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Sweden - apprenticeship centre established in 2014

ReferNet Sweden

The Swedish government considers that apprenticeship programmes at upper secondary schools have an important role in easing young people’s entry to the labour market. An apprenticeship centre was therefore established under the auspices of the Swedish National Agency for Education. The budget for 2014 also includes several other proposals geared at increasing attractiveness of apprenticeship programmes.

Following the 2011 upper secondary school reform , apprenticeship education was introduced into the regular education system in Sweden as one of two pathways in initial vocational education and training (IVET) programmes at upper-secondary level. Upper secondary schools are responsible for providing apprenticeship education along with school-based programmes.

Goals and syllabi for these two pathways are the same, but learners in apprenticeship education spend at least half of their time at one or more workplaces. Apprenticeship education has not, however, attracted young people and accounts for only around 5 % of leaners in upper secondary IVET programmes. Upper secondary schools that offer apprenticeship education are partly limited due to difficulties in finding workplaces.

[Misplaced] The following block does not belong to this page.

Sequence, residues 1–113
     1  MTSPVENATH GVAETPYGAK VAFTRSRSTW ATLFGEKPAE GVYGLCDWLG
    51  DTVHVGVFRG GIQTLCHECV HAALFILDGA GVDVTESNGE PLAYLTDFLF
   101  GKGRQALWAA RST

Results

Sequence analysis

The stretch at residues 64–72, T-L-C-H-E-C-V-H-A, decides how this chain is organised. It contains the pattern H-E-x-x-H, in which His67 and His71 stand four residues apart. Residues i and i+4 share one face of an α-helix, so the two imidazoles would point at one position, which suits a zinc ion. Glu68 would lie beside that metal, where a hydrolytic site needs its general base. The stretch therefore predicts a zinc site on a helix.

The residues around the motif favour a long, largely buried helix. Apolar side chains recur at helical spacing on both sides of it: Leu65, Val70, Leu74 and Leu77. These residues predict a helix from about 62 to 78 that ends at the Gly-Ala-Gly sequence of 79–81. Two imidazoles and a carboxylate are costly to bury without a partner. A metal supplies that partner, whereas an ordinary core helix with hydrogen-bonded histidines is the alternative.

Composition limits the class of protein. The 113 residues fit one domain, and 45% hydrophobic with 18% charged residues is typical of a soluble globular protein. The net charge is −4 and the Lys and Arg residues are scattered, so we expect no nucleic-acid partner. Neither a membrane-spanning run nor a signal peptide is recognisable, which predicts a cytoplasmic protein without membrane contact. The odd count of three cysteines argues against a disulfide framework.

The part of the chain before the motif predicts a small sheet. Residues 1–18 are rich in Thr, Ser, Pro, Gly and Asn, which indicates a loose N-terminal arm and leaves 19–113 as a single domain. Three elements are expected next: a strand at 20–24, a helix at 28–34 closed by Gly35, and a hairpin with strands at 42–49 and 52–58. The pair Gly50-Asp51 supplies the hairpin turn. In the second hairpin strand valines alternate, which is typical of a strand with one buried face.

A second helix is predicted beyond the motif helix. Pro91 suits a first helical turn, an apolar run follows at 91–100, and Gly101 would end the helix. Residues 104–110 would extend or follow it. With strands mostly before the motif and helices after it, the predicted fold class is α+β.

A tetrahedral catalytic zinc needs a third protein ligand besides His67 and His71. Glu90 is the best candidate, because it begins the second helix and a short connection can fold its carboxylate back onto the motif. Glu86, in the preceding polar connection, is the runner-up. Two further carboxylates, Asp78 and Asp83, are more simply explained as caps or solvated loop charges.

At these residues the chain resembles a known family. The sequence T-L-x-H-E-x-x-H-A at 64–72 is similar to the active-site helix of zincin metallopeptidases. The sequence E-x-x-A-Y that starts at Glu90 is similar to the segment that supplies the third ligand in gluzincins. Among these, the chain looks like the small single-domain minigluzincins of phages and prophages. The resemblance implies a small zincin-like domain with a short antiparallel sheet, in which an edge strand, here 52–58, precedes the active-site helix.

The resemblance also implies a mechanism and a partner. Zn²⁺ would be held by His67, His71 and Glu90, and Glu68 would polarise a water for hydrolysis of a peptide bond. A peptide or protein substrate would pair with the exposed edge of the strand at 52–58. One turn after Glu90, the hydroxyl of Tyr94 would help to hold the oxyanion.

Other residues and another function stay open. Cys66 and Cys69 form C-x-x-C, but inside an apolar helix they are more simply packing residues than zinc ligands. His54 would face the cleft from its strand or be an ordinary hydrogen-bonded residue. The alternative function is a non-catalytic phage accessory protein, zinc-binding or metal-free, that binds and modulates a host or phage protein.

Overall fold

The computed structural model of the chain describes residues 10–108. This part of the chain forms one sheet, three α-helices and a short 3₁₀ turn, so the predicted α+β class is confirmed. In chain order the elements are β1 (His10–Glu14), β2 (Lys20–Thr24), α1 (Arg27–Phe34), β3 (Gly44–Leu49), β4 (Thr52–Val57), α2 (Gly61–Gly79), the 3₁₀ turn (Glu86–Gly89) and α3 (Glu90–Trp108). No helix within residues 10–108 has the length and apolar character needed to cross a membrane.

During past years the government launched several initiatives to increase quality of work-based learning and increase attractiveness of IVET programmes in general. To support VET providers, employers and social partners in developing apprenticeship education and quality of work-based learning the Swedish government decided to create an apprenticeship centre. The centre works to:

  • stimulate provision of apprenticeship education in upper secondary schools;
  • promote young people’s interest in apprenticeship education;
  • support and give advice to VET-providers, employers and social partners and train supervisors at workplaces;
  • stimulate cooperation at regional level between schools and the world of work.

The government has also put forward several other proposals such as financial incentives to stimulate apprenticeship education among stakeholders. This includes giving apprentices an extra allowance as compensation for expenses for the time they spend in a training contract. The compensation should be seen as an additional supplement to the ordinary study allowance that all upper secondary school students are entitled to. To encourage more employers to offer apprenticeship education the government has also suggested an increase in grants available for VET providers. Even though upper secondary schools apply for support, most grants are earmarked for employers or employers receiving apprentices.

News Details

29/08/2014
ReferNet Sweden